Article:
Hinds hasn’t found evidence that female impersonation existed overseas during war times, but said lack of proof doesn’t mean it didn’t exist.
The war changed societal expectations of gender roles, and women emerged in the work place. This societal change is reflected in the ordinance’s omission of reference to clothing expectations based on sex since it became more common to see women in pants and suits.
In 1946, the revision read as “indecent or lewd dress.”
As society changed, so did female impersonation. The Jewel Box opened for business and became the hub of drag performances, originally located at 3219 Troost Road. Many performers began their rapport with the Kansas City community at this venue, including Rae Bourbon and Skip Arnold.
The Stonewall Riots in 1969 society’s view of the gay and lesbian community, and female impersonation saw a slight decline. This negatively affected the neighborhood surrounding The Jewel Box, which had recruited two similar venues, The Yum-Yum Club and The Cat Balleu Lounge, altogether known as “Mid-America’s Greatest Fun Complex.”
The Jewel Box relocated to 3100 Main St., where Wendy’s currently resides. At the same time, the first Miss Gay America pageant was held in St. Louis in 1973.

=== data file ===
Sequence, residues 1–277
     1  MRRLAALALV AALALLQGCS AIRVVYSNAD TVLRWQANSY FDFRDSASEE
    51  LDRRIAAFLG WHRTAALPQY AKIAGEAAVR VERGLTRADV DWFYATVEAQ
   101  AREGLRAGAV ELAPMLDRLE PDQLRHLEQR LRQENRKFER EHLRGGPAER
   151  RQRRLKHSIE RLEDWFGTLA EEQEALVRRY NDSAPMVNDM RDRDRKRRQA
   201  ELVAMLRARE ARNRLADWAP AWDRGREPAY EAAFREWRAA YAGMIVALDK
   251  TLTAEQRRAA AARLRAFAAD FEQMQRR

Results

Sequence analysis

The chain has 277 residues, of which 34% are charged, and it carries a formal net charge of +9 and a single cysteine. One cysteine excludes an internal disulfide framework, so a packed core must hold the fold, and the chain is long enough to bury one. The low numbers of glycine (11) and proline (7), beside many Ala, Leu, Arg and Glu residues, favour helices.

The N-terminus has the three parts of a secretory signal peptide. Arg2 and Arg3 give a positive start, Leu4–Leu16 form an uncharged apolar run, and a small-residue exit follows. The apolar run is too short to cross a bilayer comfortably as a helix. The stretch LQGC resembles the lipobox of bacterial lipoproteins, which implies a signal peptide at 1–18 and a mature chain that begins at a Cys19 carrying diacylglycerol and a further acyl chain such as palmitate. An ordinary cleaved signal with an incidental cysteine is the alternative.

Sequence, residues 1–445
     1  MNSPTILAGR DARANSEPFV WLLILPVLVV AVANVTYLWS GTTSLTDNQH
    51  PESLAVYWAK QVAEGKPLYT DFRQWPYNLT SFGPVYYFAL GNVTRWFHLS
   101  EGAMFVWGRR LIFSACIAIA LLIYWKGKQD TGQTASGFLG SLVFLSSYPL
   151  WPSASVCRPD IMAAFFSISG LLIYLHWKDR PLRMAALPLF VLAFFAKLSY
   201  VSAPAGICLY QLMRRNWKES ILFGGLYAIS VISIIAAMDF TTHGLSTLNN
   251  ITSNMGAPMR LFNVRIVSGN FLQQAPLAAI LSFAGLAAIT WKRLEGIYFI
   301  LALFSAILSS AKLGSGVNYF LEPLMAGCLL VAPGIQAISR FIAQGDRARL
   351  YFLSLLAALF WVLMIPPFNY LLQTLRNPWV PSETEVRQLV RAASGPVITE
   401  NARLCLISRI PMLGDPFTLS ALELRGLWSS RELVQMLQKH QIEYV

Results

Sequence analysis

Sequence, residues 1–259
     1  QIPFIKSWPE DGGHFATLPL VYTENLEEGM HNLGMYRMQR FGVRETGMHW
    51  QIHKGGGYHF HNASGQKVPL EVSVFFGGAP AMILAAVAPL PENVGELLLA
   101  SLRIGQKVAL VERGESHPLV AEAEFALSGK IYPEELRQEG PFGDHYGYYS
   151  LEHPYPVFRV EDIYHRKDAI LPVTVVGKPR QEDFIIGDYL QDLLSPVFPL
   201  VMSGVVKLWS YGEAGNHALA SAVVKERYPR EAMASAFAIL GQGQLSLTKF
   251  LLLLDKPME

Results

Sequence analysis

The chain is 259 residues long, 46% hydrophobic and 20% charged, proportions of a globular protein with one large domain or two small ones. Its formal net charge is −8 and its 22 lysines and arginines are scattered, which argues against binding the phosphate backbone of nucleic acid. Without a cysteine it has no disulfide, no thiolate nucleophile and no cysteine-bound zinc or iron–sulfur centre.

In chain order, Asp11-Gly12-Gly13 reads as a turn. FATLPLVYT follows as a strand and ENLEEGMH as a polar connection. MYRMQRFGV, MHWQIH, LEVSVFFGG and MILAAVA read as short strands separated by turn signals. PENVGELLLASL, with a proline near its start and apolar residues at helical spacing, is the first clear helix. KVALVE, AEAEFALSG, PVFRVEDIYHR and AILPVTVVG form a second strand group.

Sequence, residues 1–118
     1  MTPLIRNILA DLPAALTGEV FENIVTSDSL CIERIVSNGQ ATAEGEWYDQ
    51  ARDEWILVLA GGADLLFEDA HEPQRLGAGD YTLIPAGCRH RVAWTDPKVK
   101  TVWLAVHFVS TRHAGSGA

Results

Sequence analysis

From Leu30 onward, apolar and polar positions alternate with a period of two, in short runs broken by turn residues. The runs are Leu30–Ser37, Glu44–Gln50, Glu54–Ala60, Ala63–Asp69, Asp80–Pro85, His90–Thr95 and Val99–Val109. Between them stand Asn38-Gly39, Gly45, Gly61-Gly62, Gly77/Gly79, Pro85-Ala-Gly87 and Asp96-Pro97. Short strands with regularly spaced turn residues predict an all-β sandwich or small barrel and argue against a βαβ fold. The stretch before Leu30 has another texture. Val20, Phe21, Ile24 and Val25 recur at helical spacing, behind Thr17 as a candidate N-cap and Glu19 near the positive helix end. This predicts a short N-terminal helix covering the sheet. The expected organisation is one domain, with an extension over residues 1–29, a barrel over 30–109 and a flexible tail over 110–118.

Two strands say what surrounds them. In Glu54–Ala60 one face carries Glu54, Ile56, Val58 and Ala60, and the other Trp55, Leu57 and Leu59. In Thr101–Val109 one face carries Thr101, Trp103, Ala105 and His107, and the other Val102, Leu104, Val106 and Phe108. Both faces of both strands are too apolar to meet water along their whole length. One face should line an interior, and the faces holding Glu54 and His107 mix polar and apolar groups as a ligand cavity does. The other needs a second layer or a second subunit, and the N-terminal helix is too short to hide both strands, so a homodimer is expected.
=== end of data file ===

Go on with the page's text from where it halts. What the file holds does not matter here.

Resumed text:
Female impersonation was at the forefront of raising awareness of the AIDs epidemic. Many affected individuals were not receiving help from health services.
Hinds is pleased with the progress female impersonation has made over the past 80 years.
“If my mother knows who RuPaul is, drag has come a long way,” he said.
Hinds said technology and societal changes will influence the art of drag, but suspects drag will continue and never lose its edge.
“What is particularly gratifying from a librarian’s perspective is to see new research like this emanate from a collection that didn’t even exist five years ago,” Hinds said. “It is the same thrill I get when I see students incorporating material from the Gay and Lesbian Archive of Mid-America into their own research. The commitment on the part of the University Libraries and the University itself to our GLAMA partnership with the Kansas City Museum is clearly reaping scholarly benefits for both students and faculty.”